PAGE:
GOVERNMENT has cleared the path for the settling of claims of moribund flag carrier Air Zimbabwe’s creditors following a rigorous verification process, a move aimed at freeing the airline from legacy obligations which have often hindered chances of investments.
Following the first creditors’ meeting held late 2018 and subsequent updates, the administrator, Grant Thornton will now commence the settlement of both local and foreign creditors.
“The government has approved the settlement of creditors whose claims were proved and verified during the current reconstruction process. The Administrator and his team will commence negotiations and settlement of both local and foreign creditor in a phased approach,” said the administrator, Reggie Saruchera.
Air Zimbabwe, whose viability has been riddled by lack of equipment and a debt overhang, hopes that a fresh balance sheet will attract investors who have remained on the fence.
Government has in the past delayed the Air Zimbabwe debt assumption programme, thereby stalling the engagement of potential investors. Despite interest from 10 investors, Air Zimbabwe’s debt overhang remains a stumbling block to foreign capital.
The airline owes US$380 million. Of the US$380 million, US$30 million is owed to foreign creditors while US$292 million is government-to-government debt. But the resurfacing of other litigious creditors like the 300 workers that the Supreme Court ordered reinstated after they were fired five years ago further puts a strain on the administrator’s growth plans.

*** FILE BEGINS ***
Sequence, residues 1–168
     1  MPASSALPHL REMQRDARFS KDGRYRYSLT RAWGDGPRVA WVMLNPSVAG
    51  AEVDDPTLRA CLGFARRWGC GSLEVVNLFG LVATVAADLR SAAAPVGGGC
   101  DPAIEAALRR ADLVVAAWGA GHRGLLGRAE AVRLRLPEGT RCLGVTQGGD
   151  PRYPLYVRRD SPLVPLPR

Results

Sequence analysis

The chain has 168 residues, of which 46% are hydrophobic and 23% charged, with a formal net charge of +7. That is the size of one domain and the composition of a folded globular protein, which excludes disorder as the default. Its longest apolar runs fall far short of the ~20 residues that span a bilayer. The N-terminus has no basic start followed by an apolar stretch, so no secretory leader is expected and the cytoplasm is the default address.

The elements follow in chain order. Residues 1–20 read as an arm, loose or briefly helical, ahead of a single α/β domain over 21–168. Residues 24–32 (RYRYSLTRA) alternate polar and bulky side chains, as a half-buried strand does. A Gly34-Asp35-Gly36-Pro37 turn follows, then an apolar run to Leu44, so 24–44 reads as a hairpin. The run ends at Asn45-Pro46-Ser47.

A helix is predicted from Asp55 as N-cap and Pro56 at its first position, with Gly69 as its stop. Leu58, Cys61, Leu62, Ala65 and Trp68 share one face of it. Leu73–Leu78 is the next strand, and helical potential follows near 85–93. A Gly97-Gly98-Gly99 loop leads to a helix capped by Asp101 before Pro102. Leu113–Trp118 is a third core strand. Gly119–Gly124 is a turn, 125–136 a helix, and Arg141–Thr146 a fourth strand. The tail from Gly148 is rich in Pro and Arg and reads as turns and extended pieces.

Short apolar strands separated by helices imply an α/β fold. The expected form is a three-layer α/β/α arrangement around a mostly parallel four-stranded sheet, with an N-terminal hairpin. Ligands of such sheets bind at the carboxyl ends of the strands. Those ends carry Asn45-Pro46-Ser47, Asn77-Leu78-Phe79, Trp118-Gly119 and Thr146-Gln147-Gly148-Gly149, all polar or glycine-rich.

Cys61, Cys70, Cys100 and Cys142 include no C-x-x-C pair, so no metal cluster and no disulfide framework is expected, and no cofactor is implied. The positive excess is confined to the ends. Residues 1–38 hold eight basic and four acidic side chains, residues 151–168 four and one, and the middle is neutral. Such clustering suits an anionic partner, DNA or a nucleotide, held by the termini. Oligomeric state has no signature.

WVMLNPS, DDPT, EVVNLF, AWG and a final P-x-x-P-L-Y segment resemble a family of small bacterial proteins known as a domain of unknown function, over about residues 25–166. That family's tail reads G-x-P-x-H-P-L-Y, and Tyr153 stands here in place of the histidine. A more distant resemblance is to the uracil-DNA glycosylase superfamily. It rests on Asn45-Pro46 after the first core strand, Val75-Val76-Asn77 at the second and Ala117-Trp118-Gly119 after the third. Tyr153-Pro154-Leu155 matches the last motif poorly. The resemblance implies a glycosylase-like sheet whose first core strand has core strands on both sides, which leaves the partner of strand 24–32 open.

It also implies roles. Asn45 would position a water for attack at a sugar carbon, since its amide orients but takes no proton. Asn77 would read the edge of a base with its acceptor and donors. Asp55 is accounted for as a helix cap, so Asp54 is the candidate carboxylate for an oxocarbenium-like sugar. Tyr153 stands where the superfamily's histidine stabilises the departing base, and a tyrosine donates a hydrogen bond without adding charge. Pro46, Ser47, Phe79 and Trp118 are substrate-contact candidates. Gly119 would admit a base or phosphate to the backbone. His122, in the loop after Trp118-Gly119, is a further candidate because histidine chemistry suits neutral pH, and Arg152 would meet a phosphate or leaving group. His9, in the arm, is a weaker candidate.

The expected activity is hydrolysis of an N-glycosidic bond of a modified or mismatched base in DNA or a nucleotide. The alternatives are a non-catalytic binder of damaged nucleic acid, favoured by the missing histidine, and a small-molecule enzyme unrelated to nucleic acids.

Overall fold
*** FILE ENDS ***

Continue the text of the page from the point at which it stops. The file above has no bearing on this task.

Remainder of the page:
The company was quoted as saying it had no capacity to either reinstate or compensate the former workers who won the Supreme Court challenge.
Saruchera also said the reconstruction of Air Zimbabwe which began in 2018 should be complete by June, with the settling of creditors a top priority.
“In order to ensure that the aforementioned settlement of creditors claims together with the finalisation of other key strategic issues, the reconstruction of Air Zimbabwe is to be concluded no later than 30 June 2021,” Saruchera said.
Air Zimbabwe was placed under reconstruction following the disbandment of the Chipo Dyanda-led board by former Transport minister Joram Gumbo. The board and Gumbo clashed over the proposed turnaround strategy where the government was accused of deliberately sabotaging Air Zimbabwe in favour of a new airline linked to the late former president Robert Mugabe.
The disbandment of the board and subsequent appointment of a caretaker administrator were meant to safeguard the airline’s assets which have been under threat from litigious creditors.
Debt reconstruction is meant to facilitate the management of the airline’s debt and its subsequent amortisation. It is also meant to preserve the company’s assets and establish firm operations.
Saruchera also said the government had availed funds to purchase a second Embraer 145 aircraft to boost the depleted fleet. The Embraer is earmarked to service the domestic market at a sustainable cost.
Air Zimbabwe has been operating a long-haul aircraft on local routes, an unsustainable business decision for the moribund airline.